Diesel Fuel Quality-A Top Priority by John Eichberger
March 27, 2019
Is diesel fuel a big deal? Absolutely. Despite global news about governments trying to reduce the use of diesel fuel in passenger vehicles in order to reduce particulate emissions, there currently is no significant competitor to diesel fuel for the commercial freight market – especially in Canada.
The trucking industry is critical to the growth of the economy. In fact, the Canadian Trucking Alliance estimates that more than 90% of all consumer products and foodstuffs are shipped by truck. The Alliance also estimates that the trucking industry as a whole helps to contribute more than $65 billion to the national economy, that trucks carry more than 225 billion tonne-kilometers of freight and more than 80% of the total tonnage shipped intra-provincially, and that demand for trucking services is expected to grow significantly in the next few years. This forecast is supported by research done by Navigant Research for the Fuels Institute.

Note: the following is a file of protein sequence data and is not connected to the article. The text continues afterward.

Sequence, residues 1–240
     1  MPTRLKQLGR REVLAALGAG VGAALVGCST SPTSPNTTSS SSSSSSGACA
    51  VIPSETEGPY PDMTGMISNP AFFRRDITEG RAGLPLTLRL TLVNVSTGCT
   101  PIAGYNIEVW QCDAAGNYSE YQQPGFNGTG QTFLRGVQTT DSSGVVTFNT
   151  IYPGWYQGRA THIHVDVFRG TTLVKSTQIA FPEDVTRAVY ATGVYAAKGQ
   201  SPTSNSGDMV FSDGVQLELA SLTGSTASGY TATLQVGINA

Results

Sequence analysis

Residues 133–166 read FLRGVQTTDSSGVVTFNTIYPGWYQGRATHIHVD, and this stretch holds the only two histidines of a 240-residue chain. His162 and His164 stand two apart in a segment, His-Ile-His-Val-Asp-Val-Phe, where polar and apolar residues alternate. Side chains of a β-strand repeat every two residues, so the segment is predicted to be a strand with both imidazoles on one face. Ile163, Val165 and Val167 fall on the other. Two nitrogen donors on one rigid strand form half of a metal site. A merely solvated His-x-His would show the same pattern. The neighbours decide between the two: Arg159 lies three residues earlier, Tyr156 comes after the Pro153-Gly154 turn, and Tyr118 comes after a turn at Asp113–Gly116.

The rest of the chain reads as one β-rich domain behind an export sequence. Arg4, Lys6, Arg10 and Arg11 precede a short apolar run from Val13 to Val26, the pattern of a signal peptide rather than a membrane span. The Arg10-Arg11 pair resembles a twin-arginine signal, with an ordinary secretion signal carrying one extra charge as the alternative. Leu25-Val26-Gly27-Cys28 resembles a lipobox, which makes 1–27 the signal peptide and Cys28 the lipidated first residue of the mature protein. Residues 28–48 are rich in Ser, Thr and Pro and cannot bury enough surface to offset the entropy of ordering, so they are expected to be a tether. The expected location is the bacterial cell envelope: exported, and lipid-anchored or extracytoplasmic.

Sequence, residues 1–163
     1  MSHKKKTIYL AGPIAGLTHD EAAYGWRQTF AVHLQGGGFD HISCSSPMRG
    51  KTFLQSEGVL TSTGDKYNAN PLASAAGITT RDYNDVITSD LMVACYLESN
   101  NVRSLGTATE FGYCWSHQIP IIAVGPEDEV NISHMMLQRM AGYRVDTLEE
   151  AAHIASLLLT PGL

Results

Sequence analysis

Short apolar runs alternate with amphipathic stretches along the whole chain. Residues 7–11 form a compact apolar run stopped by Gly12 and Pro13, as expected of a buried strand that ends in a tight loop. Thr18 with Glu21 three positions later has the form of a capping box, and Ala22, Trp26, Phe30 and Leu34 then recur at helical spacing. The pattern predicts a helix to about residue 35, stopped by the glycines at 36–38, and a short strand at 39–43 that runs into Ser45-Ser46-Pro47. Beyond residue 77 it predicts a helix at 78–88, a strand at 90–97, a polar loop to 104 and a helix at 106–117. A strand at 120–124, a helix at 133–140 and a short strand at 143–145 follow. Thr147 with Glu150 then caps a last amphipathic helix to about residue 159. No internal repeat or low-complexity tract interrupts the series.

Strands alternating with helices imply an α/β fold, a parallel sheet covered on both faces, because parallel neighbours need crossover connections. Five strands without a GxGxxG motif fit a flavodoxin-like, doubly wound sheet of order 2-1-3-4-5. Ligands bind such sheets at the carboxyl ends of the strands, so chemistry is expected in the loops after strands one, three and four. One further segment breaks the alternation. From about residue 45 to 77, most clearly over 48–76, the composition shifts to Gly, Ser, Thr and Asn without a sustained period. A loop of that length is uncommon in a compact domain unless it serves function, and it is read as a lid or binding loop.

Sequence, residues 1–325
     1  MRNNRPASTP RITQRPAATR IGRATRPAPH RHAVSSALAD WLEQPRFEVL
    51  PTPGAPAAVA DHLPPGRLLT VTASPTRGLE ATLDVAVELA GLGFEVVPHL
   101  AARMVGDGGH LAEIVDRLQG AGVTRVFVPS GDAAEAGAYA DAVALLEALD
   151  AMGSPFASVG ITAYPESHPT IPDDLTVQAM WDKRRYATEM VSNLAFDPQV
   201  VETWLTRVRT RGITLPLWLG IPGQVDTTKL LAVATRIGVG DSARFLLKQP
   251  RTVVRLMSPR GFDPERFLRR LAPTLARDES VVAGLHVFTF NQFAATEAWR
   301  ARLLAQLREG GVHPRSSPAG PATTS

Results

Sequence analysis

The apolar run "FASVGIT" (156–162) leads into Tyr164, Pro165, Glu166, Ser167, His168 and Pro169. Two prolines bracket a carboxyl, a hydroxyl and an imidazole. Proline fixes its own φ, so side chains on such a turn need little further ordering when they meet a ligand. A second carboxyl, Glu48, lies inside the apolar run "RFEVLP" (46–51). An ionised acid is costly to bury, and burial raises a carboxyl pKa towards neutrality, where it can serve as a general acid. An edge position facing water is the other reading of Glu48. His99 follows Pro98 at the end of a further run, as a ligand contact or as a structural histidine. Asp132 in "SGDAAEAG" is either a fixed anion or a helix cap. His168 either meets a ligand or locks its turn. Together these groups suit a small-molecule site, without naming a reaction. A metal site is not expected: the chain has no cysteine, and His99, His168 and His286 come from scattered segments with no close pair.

In “Tomorrow’s Vehicles,” the Fuels Institute presented forecast data that indicates that the number of registered heavy-duty trucks that operate on diesel fuel is projected to increase by 90% to more than 675,000 vehicles by 2025, representing more than 83% of all heavy-duty vehicles on the road. Further, demand for diesel fuel in the heavy-duty sector is projected to grow 60% to 21.7 billion liters by 2025.
But there is a concern in the market. Matching fuel with engine needs is critically important to enhance efficiency and reduce emissions, not just in passenger cars but also in these big rigs. As heavy-duty engine manufacturers have increased the efficiency of their units, the demands for cleaner diesel fuel has become more intense and resulted in many manufacturers advocating changes to the ASTM specification for diesel fuel. This situation has put different sectors of the diesel market – fuel and vehicles – at odds over what should be done.